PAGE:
“[Here is] a generational, existential confrontation with militant Islamist antimodernism, international in character and analogous to World War III (known otherwise as the Cold War). The “war on terror” ought to be rightly understod as “World War IV”, demanding a new set of policies and ideas that will allow the U.S. to cope under drastically altered conditions…The military face of the strategy is pre-emption and the political face is democratization. The stakes are nothing less than the survival of Western civilization, to the extent that Western civilization still exists, because half of it seems to be committing suicide.” That half is of course is Europe.

An article by Podhoretz in “Commentary” (published by WSJ on August 23, 2006, “Is the Bush Doctrine Dead – The president‘s critics are wrong. That includes the neocons“) brought up the long view concerning the Bush Doctrine and the war against the islamofascist jihadists:

“So as the implementation of this new strategy goes, it is still early days – roughly comparable to 1952 in the history of the Truman doctrine. As with the Truman Doctrine then, the Bush Doctrine has thus far acted only the first few scenes of the first act of a five-act play. Like the Truman Doctrine, too, its performance has received very bad news…We know now that, after many ups and downs and following a period of retreat in the 1970s, the policy of containment was updated and reinvigorated in the 1980s by Ronald Reagan. And we now know as well that it was by thus building on the sound foundation laid by the Truman Doctrine that Reagan delivered on its original promise…I feel safe in predicting…the Bush Doctrine will prove irreversible by the time its author leaves the White House in 2008…three or four decades into the future, and after the inevitable missteps and reversals, there will come a president…that will bring World War IV to a victorious end by building on the noble doctrine that George W. Bush promulgated when the war first began.”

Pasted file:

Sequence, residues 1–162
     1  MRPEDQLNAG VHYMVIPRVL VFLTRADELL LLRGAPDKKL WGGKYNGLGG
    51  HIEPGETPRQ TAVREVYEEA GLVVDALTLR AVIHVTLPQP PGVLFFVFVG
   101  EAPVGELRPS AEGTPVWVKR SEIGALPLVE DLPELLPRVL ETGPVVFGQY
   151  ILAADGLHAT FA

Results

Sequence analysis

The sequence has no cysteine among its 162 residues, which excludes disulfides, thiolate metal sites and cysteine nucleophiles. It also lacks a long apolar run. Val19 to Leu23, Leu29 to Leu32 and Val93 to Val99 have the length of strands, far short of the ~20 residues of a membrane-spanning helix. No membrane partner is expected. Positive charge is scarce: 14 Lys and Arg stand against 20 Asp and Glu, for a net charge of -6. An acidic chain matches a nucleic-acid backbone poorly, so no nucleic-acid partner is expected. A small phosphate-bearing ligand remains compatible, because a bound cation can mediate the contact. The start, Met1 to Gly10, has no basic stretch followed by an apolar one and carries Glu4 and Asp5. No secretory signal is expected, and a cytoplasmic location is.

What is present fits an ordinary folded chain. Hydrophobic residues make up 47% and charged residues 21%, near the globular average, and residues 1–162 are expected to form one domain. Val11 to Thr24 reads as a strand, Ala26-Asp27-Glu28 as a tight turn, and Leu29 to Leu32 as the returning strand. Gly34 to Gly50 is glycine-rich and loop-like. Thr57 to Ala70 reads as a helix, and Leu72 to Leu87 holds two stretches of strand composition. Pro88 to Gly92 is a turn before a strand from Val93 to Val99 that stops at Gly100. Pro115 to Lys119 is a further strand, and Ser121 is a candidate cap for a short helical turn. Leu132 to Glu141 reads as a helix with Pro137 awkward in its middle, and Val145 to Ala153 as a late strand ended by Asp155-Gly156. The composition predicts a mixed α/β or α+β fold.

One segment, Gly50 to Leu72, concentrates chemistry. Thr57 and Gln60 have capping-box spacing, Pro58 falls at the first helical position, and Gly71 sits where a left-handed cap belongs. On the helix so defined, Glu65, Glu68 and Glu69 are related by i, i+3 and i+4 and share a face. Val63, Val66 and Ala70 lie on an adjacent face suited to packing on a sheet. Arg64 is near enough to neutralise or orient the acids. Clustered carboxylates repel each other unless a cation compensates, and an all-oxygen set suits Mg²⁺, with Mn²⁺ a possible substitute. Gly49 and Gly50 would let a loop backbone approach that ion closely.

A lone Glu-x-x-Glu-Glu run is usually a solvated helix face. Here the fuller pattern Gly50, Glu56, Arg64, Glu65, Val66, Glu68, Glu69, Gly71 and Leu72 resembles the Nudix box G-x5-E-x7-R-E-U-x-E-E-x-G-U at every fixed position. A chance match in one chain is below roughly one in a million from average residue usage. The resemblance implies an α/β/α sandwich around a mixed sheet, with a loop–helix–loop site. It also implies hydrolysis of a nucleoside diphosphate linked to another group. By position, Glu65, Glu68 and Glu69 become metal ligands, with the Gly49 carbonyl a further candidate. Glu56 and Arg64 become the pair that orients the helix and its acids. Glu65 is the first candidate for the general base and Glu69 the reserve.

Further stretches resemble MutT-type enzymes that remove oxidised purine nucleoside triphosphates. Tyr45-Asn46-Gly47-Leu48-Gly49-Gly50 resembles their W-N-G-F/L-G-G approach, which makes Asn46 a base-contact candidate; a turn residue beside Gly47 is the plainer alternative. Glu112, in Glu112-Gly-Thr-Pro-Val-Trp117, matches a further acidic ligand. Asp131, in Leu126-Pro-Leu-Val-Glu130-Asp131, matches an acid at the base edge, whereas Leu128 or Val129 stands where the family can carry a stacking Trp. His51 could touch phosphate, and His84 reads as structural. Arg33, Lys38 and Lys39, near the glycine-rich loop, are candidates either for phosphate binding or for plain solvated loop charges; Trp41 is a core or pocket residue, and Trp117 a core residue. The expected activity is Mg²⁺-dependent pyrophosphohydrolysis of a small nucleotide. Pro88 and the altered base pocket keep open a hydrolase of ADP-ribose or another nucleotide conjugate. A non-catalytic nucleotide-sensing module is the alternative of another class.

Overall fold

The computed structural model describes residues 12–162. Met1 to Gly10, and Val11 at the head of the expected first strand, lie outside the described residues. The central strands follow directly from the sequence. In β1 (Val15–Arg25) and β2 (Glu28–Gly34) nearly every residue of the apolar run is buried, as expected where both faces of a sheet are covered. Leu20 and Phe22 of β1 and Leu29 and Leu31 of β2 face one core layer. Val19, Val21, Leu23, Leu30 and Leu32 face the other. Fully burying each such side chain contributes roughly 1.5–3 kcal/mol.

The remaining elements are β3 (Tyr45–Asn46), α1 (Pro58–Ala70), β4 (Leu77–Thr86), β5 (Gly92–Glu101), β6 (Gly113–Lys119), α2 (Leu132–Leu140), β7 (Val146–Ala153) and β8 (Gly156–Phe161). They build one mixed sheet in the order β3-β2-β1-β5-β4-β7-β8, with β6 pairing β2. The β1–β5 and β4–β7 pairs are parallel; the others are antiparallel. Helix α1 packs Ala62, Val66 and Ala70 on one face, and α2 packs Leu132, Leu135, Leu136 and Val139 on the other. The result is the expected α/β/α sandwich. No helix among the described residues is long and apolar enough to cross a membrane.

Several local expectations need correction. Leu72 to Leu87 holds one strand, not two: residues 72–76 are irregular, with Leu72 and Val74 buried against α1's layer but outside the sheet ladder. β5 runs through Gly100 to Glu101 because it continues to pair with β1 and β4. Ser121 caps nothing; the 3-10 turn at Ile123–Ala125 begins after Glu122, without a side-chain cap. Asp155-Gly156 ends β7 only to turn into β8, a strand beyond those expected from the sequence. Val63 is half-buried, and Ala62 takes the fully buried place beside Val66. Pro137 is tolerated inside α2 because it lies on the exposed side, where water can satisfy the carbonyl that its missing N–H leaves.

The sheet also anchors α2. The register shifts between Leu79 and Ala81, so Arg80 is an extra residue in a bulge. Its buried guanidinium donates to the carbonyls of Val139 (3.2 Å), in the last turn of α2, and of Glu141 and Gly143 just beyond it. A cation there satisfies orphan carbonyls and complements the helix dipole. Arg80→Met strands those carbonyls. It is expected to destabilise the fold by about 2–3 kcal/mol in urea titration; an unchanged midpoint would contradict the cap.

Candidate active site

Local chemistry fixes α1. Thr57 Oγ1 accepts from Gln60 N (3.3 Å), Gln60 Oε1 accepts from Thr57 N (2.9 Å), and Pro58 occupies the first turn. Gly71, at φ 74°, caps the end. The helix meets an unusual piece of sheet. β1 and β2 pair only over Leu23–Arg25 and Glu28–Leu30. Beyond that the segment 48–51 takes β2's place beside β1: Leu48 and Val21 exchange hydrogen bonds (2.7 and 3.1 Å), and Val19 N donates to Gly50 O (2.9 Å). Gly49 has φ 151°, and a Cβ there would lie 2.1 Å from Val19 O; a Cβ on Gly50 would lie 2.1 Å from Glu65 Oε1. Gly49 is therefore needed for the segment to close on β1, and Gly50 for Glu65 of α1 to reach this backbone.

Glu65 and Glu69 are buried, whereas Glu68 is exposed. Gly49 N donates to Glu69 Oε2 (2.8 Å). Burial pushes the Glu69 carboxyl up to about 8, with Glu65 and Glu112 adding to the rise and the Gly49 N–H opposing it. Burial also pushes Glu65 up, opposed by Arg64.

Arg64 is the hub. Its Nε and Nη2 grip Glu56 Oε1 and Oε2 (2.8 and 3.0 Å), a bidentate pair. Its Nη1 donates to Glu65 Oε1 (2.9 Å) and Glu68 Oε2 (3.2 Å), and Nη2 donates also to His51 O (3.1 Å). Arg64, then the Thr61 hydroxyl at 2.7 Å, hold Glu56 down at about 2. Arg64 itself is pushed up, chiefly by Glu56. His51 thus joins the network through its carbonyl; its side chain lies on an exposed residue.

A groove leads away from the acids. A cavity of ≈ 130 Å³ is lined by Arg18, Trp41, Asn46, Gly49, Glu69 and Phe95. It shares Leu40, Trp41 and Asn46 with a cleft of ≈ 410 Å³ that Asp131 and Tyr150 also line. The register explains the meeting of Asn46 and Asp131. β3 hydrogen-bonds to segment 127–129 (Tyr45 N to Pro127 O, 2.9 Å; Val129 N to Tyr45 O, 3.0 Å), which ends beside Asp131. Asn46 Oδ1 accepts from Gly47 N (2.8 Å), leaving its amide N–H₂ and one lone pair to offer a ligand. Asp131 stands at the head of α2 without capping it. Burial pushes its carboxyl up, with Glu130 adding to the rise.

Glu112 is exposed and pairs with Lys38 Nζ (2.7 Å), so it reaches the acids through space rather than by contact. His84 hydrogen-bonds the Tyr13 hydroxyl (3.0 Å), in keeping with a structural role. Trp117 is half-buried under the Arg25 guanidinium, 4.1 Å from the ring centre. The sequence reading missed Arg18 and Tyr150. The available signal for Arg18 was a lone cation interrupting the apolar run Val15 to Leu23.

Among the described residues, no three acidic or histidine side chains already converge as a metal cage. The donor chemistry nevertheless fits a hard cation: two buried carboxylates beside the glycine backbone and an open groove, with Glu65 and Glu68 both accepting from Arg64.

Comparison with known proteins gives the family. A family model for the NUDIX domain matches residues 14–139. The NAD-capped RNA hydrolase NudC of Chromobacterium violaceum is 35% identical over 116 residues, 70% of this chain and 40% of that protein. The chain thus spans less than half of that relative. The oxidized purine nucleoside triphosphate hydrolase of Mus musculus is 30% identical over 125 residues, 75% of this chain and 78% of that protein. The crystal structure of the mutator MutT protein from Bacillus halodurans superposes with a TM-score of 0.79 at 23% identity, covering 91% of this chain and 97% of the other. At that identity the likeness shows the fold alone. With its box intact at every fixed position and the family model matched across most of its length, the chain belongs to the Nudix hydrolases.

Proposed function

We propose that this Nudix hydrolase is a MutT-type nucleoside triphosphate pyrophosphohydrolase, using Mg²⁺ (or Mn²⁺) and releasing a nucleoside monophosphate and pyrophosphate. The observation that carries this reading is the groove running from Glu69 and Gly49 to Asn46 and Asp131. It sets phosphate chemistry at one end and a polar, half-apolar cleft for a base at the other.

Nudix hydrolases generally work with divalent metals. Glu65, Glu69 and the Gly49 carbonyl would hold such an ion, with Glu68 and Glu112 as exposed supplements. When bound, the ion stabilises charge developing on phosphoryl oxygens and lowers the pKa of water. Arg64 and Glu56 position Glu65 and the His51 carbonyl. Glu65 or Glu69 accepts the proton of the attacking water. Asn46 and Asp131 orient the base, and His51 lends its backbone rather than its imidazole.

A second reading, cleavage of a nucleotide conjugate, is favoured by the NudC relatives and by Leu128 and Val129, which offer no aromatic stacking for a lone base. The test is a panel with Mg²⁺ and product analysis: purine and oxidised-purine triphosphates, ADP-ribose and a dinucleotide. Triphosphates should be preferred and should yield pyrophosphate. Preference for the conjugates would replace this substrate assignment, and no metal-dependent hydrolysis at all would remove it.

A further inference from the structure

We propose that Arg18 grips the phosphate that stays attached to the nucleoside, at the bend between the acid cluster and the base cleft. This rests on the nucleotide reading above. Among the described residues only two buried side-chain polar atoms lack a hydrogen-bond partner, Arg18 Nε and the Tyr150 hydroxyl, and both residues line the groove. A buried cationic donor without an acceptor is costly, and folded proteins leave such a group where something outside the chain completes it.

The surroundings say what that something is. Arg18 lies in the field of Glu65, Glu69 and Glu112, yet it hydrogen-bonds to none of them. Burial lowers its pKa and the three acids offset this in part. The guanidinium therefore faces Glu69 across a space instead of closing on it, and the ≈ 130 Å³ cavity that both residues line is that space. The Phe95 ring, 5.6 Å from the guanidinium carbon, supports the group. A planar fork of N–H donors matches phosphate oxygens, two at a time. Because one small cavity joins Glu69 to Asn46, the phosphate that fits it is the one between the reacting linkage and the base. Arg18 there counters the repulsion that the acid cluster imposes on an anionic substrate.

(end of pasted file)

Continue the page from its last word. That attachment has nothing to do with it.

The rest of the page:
Some American observers believe that that first term of President Obama is a third Bush term when it comes to foreign policy. Events, as they unfold, will determine what policy the new administration will carry out. The Afghanistan plans seem promising. More support for the democratic opposition in Iran is needed. With South Korea and Japan the United States needs a firmer policy in North East Asia.

The articles are in chronological order:

“Amerikanskt ledarskap säkrar freden” (American Leadership Secures Peace), No. 48, Week 10 – 2006.
“Leo Strauss och hans arv” (Leo Strauss and His Inheritance), No. 49, Week 20 – 2006.
“Om behovet av en introduktion av Leo Strauss på svenska” (On the Need For an Introduction to Leo Strauss in Swedish), No.49, Week 20- 2006.
“Kampen mot terror och tyranni” (The Struggle Against Terror and Tyranny), No. 50, Week 21 – 2006.
“Den nödvändiga neokonservatismen” (The Necessary Neoconservatism, a review of Douglas Murray’s book Neoconservatism, Encounter 2006), No. 69, Week 45, 2006.
“Neokonservatismens återkomst” (The Return of Neoconservatism), a review of Jacob Heilbrunn, The Knew They Were Right: The Rise of the Neocons (2008), No. 110, Week 14 – 2008.

ON THE FRONTLINE AGAINST AMERICAN SECURITY

June 15, 2009

Mr. Thomas Hammarberg may not be in the headlines most every day. He is Human Rights Commissioner of the Council of Europe in Strasbourg, France. He got his job because he was promoted by the former Social Democratic government of Sweden. Hammarberg served as Secretary General of the Stockholm-based Olof Palme International Center (2002-05). He became commissioner in 2005. Since then the Socialists lost the election in 2006 in Sweden and the recent European Union elections (June 7) were a disaster for the European left. Conservative political winds are strong in Europe now. Hammarberg could not be chosen if he was up for election in 2009.

The Commisioner is not happy about how the Global War on Terror (GWOT) is fought.
His view is that the ‘war on terror’, as he calls it, has gravely undermined human rights standards. The counter-terrorism measures taken since 9/11 must be reviewed and changed, not only in the United States and other affected countries, but also in inter-governmental organisations.

The detention camp in Guantanamo Bay will be closed within one year according to President Obama. European governments, so Hammarberg, must now review their own conduct during the Bush administration, and take corrective action.

Of course he believes that Guantanamo must be closed down and that the policies of the Republican administration from 2001 to 2008 have to be changed. On a recent trip to Washington DC Mr. Hammarberg endorsed the policies of the Obama administration.

In March this year he called for European governments to review their conduct during 2001 – 2008 and take corrective action as he expressed it.